In my mind, Etro straddles that awkward middle ground in the fragrance world—in the most basic sense: price wise, they’re not cheap thrills, but then, they’re not “investment” fragrances either. I have, for some reason, a really hard time buying perfumes that fall into this price category. I always wonder one of two things: “if it’s really good, why isn’t it priced higher,” or “shouldn’t I be able to find this cheaper somewhere?” My husband runs a music distro, and he has a similar product category—it’s a sort of purgatory of good stuff that is perceived as less good (or less collectible) because of the pricing. Higher and lower priced items outsell these items consistently.
That’s my two-cents on Etro.
The first blast from Palais Jamais is pure petit grain, followed by softly smokey woods. In my notebook I wrote “campfire effect,” but that doesn’t quite represent what it is Palais Jamais does. What it does do is transport you deep into unspoiled nature, to the clean and happy smell of the first day of a camping trip. The rocks, green needles, and other forest debris have been swept aside, and the tent is set up in just the right place. The firewood is gathered, the cooler is stored safely away, and you sit down compainionably with your partner and crack open a crisp cool beverage. The lazy scene before you includes your gear, yes, but beyond that a bubbling water-feature (this is your fantasy, you can pick the water source :)), and unfettered forest. A deer that you didn’t see previously suddenly lifts it’s head and leaps away; you point and smile.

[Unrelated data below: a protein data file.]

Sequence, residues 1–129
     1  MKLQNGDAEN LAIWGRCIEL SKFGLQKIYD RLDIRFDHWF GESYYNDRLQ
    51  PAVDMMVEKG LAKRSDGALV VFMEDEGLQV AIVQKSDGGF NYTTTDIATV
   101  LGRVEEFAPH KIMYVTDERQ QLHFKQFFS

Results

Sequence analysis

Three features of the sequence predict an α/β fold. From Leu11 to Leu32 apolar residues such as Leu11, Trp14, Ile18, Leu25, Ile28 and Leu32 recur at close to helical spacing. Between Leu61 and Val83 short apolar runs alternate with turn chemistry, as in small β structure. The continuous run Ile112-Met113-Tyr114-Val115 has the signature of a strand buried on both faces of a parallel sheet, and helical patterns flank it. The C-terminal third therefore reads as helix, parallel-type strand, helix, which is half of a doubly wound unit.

This fragrance in no way brings to mind the garden of Allah, which supposedly inspired it’s creation back in ’89, but that’s no criticism. I wouldn’t change a thing.
Image is my parents, just a few weeks before my birth.